I’m Not Defined By My Marital Status
Leah Grant confronts the Ms debate
A few years ago, whilst working in an admin role, I was taking the details of a female customer when I asked her whether she liked to use ‘Mrs’, ‘Ms’ or ‘Miss’ as her title.
“‘Miss’,” she said, defiantly. “I’m not ashamed of being unmarried.”
Aware that her comment was a dig at women who used ‘Ms’, I couldn’t help but feel annoyed, and yet, I said nothing to challenge her.
I’ve been using ‘Ms’ as my title for ten years now, ever since I got married in 2009 when the issue of titles and name changing began to jostle for attention alongside guest lists and table decorations.
Not wanting to give up my familial surname, I decided to keep my own name and change my title from ‘Miss’ to ‘Ms’. But, after hearing more than one negative comment about ‘Ms’ on my wedding day, I started to backtrack, and by the time I plucked up the courage to start actively using ‘Ms’, my nervousness about what other people thought of it, and, therefore, me meant that every time someone wrongfully assumed I was a ‘Miss’ or a ‘Mrs’, my correction was always promptly followed by an apology.
Sadly, ten years on, nothing’s changed. I’m never addressed as ‘Ms’ unless I specifically request it, and so every time I correct someone, I apologise for something that is essentially their mistake.
I’m sure some people will argue that the battle over titles is dead (after all, it’s hardly a rarity to see ‘Ms’ on forms and documentation in 2019), and I know there are others who believe that there are much bigger issues at stake in the battle for gender equality. But the fact that women are still automatically identified in relation to men means that those of us wanting to use ‘Ms’ are still fighting for something that, to me, seems incredibly basic – the right not to be defined by our marital status.
Furthermore, the negative connotations that continue to surround this title do little to promote its usage amongst the female-identifying population and therefore further embed the traditional Miss/Mrs titles into our culture.
Dr Katherine Twamley, Associate Professor in Sociology at University College London, tells me that there are some people who likely associate ‘Ms’ with the negative connotations of being a feminist. Such connotations include that feminists are aggressive and man-hating, and Dr Twamley herself says that when she uses ‘Ms’ she experiences “a tense reaction from some people”.
Conscious that such associations have contributed to my own need to apologise (the people-pleaser in me certainly doesn’t want to be labelled a man-hater), I reach out on social media to see if other women who use ‘Ms’ suffer from the same issue.
“I am married but I don’t see why anyone who meets me should automatically be handed that information,” says Emily Perkins, Associate Director at OggaDoon and historical fiction author. “It should be down to me to decide what personal information I impart, when, and to whom. I proudly use ‘Ms’ and am perfectly happy to correct people. I’ve had to train myself not to apologise, but it’s something I’ve got better at.”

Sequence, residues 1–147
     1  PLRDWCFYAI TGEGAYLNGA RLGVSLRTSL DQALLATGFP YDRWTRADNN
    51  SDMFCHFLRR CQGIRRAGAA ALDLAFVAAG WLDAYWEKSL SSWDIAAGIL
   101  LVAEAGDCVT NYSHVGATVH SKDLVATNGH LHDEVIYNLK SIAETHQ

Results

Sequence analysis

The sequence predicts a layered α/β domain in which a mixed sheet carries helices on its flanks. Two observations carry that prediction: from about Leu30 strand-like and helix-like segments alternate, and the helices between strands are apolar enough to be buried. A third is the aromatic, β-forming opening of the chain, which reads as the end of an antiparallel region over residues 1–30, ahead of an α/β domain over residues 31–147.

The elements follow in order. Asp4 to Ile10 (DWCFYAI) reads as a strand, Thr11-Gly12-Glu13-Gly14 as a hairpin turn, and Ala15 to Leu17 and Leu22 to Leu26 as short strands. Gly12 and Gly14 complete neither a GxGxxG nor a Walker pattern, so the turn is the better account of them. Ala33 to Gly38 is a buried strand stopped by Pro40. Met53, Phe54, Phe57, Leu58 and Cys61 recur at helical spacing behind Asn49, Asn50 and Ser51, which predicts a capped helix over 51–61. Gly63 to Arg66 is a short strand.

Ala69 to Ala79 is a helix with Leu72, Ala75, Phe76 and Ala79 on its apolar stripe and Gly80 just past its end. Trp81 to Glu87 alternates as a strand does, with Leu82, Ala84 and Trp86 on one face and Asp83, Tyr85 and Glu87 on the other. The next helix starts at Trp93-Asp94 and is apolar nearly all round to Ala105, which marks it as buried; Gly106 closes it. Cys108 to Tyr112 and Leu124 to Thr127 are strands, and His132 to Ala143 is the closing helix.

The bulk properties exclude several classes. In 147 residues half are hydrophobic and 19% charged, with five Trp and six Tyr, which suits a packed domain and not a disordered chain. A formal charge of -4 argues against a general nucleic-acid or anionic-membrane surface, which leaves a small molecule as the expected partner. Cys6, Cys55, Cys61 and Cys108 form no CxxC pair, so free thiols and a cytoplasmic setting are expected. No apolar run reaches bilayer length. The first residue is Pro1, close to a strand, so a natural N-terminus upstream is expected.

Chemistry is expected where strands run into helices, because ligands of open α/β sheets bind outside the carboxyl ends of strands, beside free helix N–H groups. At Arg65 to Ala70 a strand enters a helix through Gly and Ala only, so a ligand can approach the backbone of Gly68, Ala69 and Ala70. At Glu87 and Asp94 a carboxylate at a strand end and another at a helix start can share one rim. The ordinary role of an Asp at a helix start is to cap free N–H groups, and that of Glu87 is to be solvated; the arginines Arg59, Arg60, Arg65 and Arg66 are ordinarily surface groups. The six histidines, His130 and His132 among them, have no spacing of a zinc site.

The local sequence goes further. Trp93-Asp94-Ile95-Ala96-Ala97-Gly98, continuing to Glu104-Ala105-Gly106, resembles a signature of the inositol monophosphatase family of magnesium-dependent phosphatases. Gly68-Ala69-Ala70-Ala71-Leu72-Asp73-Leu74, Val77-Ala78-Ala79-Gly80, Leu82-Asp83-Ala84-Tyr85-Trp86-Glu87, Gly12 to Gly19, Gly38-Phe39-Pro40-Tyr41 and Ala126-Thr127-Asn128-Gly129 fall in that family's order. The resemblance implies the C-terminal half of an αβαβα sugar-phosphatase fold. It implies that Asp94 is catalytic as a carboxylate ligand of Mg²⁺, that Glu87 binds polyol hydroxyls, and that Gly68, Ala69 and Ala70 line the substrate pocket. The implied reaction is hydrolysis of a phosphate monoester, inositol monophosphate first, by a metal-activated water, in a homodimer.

Emily Morris, writer and author of My Shitty Twenties, says the same: “I never feel bad for using ‘Ms’! I just think way too many people fall into the tradition without questioning it. When you stop to consider what it all means, it is unbelievable.”
Prior to my wedding, I’d used ‘Miss’ out of habit. I’d never really thought about how it defined me in relation to men, and until I started thinking about using ‘Ms’ myself, I always assumed it was a title for divorcees and older single women.
It simply hadn’t occurred to me, back then, that ‘Ms’ might offer me a degree of parity with the men in my life; men who had, at some point in their late teens, been automatically upgraded from Master to Mr – a title that doesn’t denote marital status.
Emily Morris’s point about falling into tradition is a good one. Perhaps there are women out there who, like me, never fully considered what their title meant, or were perhaps unaware that ‘Ms’ could be a title for all of us irrespective of whether we’re single, married, divorced, or if we’ve taken our husband’s surname.
I want to make it clear that I’m not advocating that all women change their titles to ‘Ms’. Feminism is about choice, and both Emilys agree that women should be able to choose their own title without judgement. But what I would like to see is a society that addresses all women as ‘Ms’ unless otherwise stated.
I am, of course, conscious that even ‘Ms’ has its restrictions for some, and that there are those who may prefer ‘Mx’, a gender-neutral title, to take greater precedence. To that, I wouldn’t disagree. In fact, perhaps it’s time for us to consider getting rid of titles altogether? (Or maybe that’s a whole other debate!)
Regardless of the solution, I know that I need to stop apologising. “Apologising overly tends to be a sign of insecurity and this can manifest as anxiety too as such individuals tend to be fearful of how they are being perceived by others,” says psychologist Shae Vian who teaches on Learndojo. “In order to stop yourself from apologising, it can help to surround yourself with positive people and good role models that portray assertive behaviour.”
I’ve found my role models. The women who responded to my call on social media were proud to use ‘Ms’ and not remotely apologetic. They have reminded me that there’s no shame in using a title that is designed to be the female equivalent of my husband’s.
So, the next time I’m forced to correct someone for assuming I’m a ‘Miss’ or a ‘Mrs’, I definitely won’t apologise because if society doesn’t need to know that my husband is married, then it doesn’t need to know that I am either.